4. The growth along your walk is very lush. I like the sloes, too – I have never seen one.

    Your feeders and commentary are always entertaining. 🙂 We have a pair of grackles nesting in our trumpet vine now, so I will be unable to cut it back for a while. I am seeing more our own goldfinches now too, and should soon see hungry youngsters wanting parents to continue to feed them.

    We are back to some cooler, wetter weather here today. These oscillations within the general seasonal weather pattern keep one on their toes.

  5. The pigeon looks so pleased with itself and was just waiting for its moment of triumph to be photographed. Seeing all the lovely close up photos of your flowers shows the many ways that they have of attracting pollinators- the foxglove is a favourite. Hope you get more rain soon!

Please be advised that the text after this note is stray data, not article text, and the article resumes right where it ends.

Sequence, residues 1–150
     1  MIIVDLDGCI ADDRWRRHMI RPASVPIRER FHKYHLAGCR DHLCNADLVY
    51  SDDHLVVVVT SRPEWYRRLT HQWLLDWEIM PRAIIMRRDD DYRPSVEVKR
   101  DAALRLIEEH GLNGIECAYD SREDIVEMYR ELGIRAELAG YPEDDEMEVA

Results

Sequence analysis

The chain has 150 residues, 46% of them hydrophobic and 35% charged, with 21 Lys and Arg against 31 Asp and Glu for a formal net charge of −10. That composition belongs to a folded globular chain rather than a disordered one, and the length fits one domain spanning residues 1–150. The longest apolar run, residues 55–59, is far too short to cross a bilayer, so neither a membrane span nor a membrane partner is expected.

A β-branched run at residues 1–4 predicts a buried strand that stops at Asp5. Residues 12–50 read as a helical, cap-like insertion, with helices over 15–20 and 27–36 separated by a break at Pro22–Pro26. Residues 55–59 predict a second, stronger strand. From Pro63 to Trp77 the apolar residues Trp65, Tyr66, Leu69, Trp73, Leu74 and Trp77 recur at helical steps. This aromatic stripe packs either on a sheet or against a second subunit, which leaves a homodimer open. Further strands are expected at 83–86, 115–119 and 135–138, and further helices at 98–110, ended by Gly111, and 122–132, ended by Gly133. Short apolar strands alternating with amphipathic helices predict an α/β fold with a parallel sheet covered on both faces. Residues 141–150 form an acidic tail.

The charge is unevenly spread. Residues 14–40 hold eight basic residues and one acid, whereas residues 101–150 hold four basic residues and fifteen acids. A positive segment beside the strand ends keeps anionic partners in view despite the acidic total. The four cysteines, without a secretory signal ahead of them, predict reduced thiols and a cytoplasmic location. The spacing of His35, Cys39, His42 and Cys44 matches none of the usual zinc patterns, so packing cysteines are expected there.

6. What a very clever pigeon you have. Ours have yet to figure a way to get into our ‘caged’ feeder. At least your foxglove looks much like our wild ones! I must add that I like the new format for seeing your photos a bit larger. It’s easier on these old eyes and much appreciated.

    1. Another reader has suggested yellow pimpernel (Lysimachia nemorum) which I thin is right and a wood avens so I thank you and him for your help and will try to remember the names next time.

  7. Those walks you have close by to your home are excellent, and very inviting. Mountain biking territory is not for me though, they are a silent danger to unwary walkers. I think it is a shame that walkers have to be wary in that way. Cheers.

    1. I don’t think that should mix at all except in town centres where it should be expected that cyclist will go slowly and carefully. Planners seem to have a vision of families pedalling along at 8mph when they envisage cycling provision. Cyclists will have to learn that they can’t go as fast as they like anywhere they like as more and more cyclists take to the roads.